Source: The Philadelphia Inquirer

Reports filed by the House and Senate party committees for fund raising through June 30 state that the Democrats are leading in donations by vast amounts. So far the 2008 Democratic campaigns for White House, Congress, and other party committees has raised $388.8 million, while Republican donations lagged behind with $287.3 million. The contrast is also clear in numbers for the presidential race, in which eight Democratic candidates raised $179.3 million and nine Republicans collected just $118 million. A portion of the Democrats’ advantage is their demographic’s utilization of the Internet, while Republicans tend to be drawn toward more traditional forms of media like talk radio. Top Republican fundraiser Mitt Romney raised $10 million online in six months, while Democratic candidate Barack Obama raised $10.3 million for the latest quarter alone.
Source: The Wall Street Journal and BBC

Thousands of pounds of ice obtained by the federal government for hurricane Katrina relief are being melted after racking up $12.5 million in storage costs. According to FEMA contracts, the ice was supposed to be disposed of three months after purchase, but is now nearly two years old. The Army Corps of Engineers admitted that it ordered too much ice after giving flawed estimates, and FEMA decided to transport the ice thousands of miles and store the excess for the 2006 hurricane season.
Source: USA Today

NBC Universal Inc. is being sued for $105 million in litigation filed on July 23 by Patricia Conradt, sister of Bill Conradt, a suspected sexual predator. Conradt committed suicide after he became a subject of the “Dateline NBC” series, “To Catch a Predator.” In the series, staff members of the Perverted Justice activist group pose as underage boys or girls in online chat rooms, inviting men to meet them at a house where police and a television crew are staked out. Once they arrive, they are confronted by the host of the show, Chris Hansen, and then arrested by police. Conradt, a former district attorney, had failed to show up at the rigged house, so police and cameramen proceeded to his home. The suit says the crew “trespassed and invaded upon Bill’s property” to “broadcast a spectacle to millions.” The Murphy, Texas stakeout was plagued by other blunders as well—the district attorney was unable to prosecute the two dozen men that were arrested, saying many cases were marred by the involvement of amateurs, and the city manager was fired for arranging the filming without notifying the mayor or city council.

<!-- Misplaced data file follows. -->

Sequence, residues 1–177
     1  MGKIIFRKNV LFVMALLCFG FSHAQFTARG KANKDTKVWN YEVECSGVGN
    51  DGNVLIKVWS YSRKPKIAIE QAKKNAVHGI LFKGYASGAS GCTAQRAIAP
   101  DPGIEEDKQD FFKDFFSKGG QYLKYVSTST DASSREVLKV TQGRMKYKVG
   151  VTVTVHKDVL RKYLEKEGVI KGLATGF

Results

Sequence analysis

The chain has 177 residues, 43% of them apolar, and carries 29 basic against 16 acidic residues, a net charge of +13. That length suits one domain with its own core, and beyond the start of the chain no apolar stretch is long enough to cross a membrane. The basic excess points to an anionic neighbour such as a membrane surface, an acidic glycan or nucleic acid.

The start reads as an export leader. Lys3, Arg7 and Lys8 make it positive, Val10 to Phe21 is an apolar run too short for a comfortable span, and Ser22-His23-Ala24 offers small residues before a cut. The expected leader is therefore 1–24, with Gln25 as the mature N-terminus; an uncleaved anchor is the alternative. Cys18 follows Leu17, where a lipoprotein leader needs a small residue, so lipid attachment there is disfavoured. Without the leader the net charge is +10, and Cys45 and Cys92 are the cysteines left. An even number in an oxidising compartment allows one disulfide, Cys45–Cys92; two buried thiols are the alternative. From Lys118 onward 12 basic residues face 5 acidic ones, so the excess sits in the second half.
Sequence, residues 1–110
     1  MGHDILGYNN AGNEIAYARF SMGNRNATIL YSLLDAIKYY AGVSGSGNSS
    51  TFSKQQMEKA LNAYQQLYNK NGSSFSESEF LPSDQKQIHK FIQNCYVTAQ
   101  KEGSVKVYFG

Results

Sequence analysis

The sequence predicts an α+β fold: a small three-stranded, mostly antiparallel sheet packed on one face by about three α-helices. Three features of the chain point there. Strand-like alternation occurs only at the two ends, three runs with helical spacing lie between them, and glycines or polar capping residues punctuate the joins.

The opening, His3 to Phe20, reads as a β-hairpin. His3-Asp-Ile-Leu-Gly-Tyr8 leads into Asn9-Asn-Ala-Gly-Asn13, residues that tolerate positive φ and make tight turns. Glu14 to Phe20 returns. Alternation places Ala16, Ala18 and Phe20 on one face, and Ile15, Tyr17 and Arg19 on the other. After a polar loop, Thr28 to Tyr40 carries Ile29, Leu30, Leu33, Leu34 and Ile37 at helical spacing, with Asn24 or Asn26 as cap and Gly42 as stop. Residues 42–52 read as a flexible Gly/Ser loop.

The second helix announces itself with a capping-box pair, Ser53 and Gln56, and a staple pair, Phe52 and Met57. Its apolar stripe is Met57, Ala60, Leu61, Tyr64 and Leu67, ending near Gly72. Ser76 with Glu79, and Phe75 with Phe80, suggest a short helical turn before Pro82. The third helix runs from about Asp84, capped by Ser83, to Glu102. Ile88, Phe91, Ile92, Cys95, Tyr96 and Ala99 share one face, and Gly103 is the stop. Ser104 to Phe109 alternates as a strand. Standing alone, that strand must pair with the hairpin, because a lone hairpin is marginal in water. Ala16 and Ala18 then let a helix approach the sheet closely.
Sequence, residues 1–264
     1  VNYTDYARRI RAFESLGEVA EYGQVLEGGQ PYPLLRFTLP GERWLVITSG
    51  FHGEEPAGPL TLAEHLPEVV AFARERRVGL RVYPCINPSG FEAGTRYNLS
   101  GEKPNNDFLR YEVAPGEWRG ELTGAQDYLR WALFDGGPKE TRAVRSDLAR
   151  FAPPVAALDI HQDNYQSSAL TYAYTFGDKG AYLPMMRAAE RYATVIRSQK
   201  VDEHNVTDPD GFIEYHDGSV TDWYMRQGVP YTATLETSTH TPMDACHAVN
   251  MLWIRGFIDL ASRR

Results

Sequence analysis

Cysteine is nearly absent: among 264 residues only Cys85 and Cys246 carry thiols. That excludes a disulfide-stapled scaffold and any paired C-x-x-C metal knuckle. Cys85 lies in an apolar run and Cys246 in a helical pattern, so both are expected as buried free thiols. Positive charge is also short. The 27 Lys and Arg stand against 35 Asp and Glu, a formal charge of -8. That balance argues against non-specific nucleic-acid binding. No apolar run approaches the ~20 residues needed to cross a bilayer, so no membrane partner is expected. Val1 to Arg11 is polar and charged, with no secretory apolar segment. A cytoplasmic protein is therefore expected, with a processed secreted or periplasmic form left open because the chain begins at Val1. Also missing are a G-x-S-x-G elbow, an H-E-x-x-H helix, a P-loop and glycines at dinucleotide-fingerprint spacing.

Source: The Los Angeles Times

Researchers have found that drinking just one can of soda a day, whether regular or diet, is linked with a 48 percent increased risk of metabolic syndrome. Metabolic syndrome symptoms include excessive abdominal fat along with high blood pressure, blood-glucose levels, and blood triglycerides. These accompany low levels of the healthy cholesterol high-density lipoprotein. Having three or more of these symptoms puts a person at twice the normal risk for diabetes and heart disease. Soda makers claimed the results “defy the existing body of scientific evidence, as well as common sense.” The study, which was published in the journal of the American Heart Association, also reported a 31 percent greater risk of obesity and a 30 percent greater risk of a larger waist line for those drinking one regular or diet soda per day.
Source: The Los Angeles Times

On July 24, an appeals court rejected a Bush administration rule supported by the American Trucking Association and Federal Motor Carrier Safety Administration, an agency that works to prevent crashes, injuries, and deaths associated with large trucks and buses. The rule increased the maximum hours a trucker could work within a seven or eight day period, from 60 to 77 hours within seven days and from 70 to 88 hours over eight days. The court ruled against the changes citing the FMCSA had ignored data from a self-commissioned study that found a significantly higher risk of accidents caused by fatigue during those extra work hours. About 100 people die in accidents involving trucks each week, helping to make trucking the most dangerous industry in the country.
Source: The New York Times